OTC Derivatives Clearing And Reporting Update For Hong Kong, China, Singapore, Japan, Australia, India And Korea.
Legal News & Analysis - Asia Pacific - Regulatory & Compliance
31 January, 2017
Hong Kong gears up for mandatory clearing and expanded mandatory reporting of OTC derivatives
In September 2015, the Hong Kong Monetary Authority (“HKMA”) and the Securities and Futures Commission (“SFC”) published a consultation paper on their proposed next steps on the regulation of OTC derivative transactions. That paper focused on clearing and reporting, with draft rules for both.
In that paper, the regulators promised to consider comments from the public on the rules, and to release a further consultation paper containing proposed final versions of the rules early this year.
In February 2016, the regulators published that further paper, being the Consultation conclusions and further consultation on introducing mandatory clearing and expanding mandatory reporting.
The proposed final clearing rules and reporting rules remain largely the same as initially drafted. That being said, the revised rules have implemented some of the comments received, and the regulators responded to some of the comments that were not implemented.
Please see here for the detailed client alert published by Linklaters on this consultation conclusion and further consultation.
SHCH publishes draft default handling rules for RMB IRS central clearing
On 22 February 2016, Shanghai Clearing House (“SHCH”) published on its website a draft of the default handling rules for the central clearing of Renminbi interest rate swaps (the “Draft Rules”) for public consultation. The consultation period ended on 1 May 2016.
The Draft Rules set out detailed procedures on default determination, member default and client defaults handing procedures and forced liquidation procedures. This is a much anticipated development and will be of great significance to all clearing participants.
The Chinese version of the Draft Rules can be accessed here. Linklaters has prepared an English translation of the Draft Rules. Please contact us if you would like to receive a copy.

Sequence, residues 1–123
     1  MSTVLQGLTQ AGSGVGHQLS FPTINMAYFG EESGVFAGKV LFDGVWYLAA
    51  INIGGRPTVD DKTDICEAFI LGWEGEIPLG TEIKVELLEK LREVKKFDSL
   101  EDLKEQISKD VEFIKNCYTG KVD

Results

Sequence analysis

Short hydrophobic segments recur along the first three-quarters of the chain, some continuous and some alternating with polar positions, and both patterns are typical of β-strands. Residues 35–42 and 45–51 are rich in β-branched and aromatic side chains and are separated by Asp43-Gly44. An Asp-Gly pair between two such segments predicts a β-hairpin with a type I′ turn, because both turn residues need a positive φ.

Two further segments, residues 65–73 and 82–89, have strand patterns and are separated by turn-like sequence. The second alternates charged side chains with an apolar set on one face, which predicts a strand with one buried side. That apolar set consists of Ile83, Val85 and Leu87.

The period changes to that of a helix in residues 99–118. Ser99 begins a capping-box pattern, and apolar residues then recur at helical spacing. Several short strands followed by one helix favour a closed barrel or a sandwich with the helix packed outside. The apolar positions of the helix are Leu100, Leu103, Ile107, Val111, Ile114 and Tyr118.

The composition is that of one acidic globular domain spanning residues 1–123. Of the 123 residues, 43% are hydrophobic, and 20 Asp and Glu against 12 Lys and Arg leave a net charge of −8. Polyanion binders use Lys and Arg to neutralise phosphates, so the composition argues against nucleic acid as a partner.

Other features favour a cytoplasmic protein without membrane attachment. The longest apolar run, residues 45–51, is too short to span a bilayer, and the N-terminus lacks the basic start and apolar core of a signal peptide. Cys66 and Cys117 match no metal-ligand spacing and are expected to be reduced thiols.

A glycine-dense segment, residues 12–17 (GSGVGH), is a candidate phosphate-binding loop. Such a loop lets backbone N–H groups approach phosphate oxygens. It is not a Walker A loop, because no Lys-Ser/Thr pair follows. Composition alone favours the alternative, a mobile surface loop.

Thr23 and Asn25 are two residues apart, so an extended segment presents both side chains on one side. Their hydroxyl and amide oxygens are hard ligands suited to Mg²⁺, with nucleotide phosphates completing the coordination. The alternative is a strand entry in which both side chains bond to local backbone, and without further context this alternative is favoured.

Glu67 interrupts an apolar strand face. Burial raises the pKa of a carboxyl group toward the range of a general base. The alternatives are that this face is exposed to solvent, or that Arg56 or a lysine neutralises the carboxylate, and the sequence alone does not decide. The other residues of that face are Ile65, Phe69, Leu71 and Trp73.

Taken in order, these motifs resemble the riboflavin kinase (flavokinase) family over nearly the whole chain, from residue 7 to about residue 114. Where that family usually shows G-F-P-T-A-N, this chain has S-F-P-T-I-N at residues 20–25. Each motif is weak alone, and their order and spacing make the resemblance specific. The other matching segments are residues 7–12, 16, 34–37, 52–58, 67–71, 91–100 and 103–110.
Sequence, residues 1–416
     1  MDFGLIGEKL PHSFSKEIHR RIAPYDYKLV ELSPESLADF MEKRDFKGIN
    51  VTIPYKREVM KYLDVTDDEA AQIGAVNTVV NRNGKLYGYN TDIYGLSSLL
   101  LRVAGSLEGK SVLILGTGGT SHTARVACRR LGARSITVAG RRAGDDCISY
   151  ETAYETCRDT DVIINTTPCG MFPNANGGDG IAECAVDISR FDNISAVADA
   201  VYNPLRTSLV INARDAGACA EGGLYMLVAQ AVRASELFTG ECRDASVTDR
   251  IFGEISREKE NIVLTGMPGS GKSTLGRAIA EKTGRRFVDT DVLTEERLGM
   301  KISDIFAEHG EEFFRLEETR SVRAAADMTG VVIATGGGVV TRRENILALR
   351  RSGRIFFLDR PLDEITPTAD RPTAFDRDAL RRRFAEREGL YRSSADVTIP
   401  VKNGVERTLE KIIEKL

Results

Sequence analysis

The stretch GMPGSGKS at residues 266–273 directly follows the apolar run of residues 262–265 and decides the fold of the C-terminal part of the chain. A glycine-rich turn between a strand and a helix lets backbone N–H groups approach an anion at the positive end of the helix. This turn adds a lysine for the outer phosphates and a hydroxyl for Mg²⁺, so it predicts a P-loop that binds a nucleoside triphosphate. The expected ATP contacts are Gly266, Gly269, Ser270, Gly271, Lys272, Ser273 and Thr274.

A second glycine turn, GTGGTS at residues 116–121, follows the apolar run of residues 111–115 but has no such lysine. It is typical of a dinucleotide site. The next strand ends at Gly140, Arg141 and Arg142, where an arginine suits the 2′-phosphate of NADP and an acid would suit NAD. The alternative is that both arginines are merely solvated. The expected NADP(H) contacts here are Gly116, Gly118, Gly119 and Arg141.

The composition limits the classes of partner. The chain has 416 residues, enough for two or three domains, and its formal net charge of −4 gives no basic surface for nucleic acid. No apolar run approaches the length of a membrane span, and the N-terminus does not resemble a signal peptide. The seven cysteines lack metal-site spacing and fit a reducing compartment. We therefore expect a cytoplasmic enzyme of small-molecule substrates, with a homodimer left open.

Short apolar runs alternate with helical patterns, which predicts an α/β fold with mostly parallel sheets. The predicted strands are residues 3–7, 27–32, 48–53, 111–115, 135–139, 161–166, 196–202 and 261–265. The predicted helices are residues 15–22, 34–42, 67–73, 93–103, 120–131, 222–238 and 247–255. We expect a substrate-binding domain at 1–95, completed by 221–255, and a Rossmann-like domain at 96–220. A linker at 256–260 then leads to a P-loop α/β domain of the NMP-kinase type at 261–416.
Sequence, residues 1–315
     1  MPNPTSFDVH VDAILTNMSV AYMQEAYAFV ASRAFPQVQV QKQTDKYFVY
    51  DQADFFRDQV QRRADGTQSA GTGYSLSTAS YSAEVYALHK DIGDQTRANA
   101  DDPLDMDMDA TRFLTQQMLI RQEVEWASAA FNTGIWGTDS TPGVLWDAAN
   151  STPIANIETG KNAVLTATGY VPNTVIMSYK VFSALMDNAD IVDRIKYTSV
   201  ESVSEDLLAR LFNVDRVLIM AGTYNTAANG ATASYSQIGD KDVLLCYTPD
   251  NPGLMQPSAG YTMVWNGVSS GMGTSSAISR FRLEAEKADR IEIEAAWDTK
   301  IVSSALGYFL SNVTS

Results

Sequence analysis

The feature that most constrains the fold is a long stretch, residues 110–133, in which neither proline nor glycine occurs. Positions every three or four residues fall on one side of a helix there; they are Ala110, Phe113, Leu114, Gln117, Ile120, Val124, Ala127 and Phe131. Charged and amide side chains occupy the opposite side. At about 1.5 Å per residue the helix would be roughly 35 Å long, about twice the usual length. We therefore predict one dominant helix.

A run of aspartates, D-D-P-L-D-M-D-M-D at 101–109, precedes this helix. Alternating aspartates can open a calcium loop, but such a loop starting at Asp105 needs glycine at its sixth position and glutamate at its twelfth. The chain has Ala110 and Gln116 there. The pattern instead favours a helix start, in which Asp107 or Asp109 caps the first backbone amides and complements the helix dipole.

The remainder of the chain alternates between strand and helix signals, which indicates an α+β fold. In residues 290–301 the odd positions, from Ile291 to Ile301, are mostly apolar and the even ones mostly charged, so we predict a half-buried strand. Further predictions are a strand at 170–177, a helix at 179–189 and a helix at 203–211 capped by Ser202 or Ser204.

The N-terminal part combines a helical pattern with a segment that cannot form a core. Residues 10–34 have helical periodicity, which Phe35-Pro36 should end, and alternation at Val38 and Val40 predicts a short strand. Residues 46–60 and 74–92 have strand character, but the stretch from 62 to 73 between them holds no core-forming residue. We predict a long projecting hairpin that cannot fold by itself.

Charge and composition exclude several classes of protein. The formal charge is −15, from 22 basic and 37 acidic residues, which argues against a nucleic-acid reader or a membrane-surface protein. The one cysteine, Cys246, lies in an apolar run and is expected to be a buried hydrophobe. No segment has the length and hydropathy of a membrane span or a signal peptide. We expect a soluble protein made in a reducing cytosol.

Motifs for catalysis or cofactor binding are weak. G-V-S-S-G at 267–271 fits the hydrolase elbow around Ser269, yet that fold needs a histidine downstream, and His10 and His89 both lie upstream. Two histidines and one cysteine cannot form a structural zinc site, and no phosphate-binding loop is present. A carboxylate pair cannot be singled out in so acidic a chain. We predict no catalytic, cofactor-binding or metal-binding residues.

SHCH consults on draft clearing agreements and clearing guidelines for its CCP services
SHCH published a set of draft clearing documents for its CCP services on its website on 12 May 2016 for public consultation The drafts published include the clearing agreement, the agency clearing agreement and the clearing guidelines. These draft documents can be accessed here.
Currently, each CCP service offered by SHCH is subject to a separate set of clearing agreements and clearing guidelines. SHCH intends to introduce a uniform clearing agreement and clearing guidelines which apply to the different CCP services, with a view to improving the consistency in the terms on which the CCP services are provided and making it administratively easier for clearing participants to sign up to multiple CCP services.
The consultation ended on 31 May 2016. It is expected that SHCH will implement the new clearing agreements and clearing guidelines later this year.
SHCH granted no action relief by the CFTC
On 31 May 2016, the US Commodity Futures Trading Commission (“CFTC”) issued a no action relief letter in relation to SHCH’s non-registration as a derivatives clearing organization (“DCO”).
MAS consultation on reporting of commodity and equity derivatives
The Monetary Authority of Singapore (“MAS”) issued a consultation paper on 18 January 2016 on proposed amendments to the Securities and Futures (Reporting of Derivatives Contracts) Regulations 2013 (“SF(RDC)R”) to implement reporting obligations regarding commodity and equity derivatives contracts, as well as other revisions to complete the implementation of the OTC derivatives trade reporting regime in Singapore. Certain types of contracts (e.g. physically-settled commodity derivatives contracts that are entered into for commercial purposes, and exchange- traded equity derivatives contracts) will be excluded from the reporting obligations. The information to be reported for commodity derivatives contracts will be set out in a new section of the SF(RDC)R, while the required information for equity derivatives contracts will be aligned with existing requirements for credit derivatives contracts.
The MAS also proposed, for all types of reportable derivatives contracts, new data fields to identify the booking location and the location of the trading desk, and to implement the reporting of collateral information. Further, the MAS proposed: (i) exemptions from the reporting obligations for certain non-bank financial institutions (e.g. all approved trustees and licensed trust companies); and (ii) excluding brokers and banks from reporting derivatives transactions where their counterparties are retail investors. Implementation of the changes will be phased in between 1 July 2016 and 1 November 2018.
Please see here for the detailed client alert published by Linklaters on this consultation.
MAS proposes amendments to regulations relating to the Singapore bank resolution regime
On 29 April 2016, the MAS published a consultation paper to propose amendments to the Monetary Authority of Singapore Act and the Monetary Authority of Singapore (Control and Resolution of Financial Institutions) Regulations 2013. The proposed amendments are related to the MAS consultation paper released in June 2015 where the MAS proposed various enhancements to the resolution regime of Singapore – see our Asia Clearing Bulletin from 2015 for further details.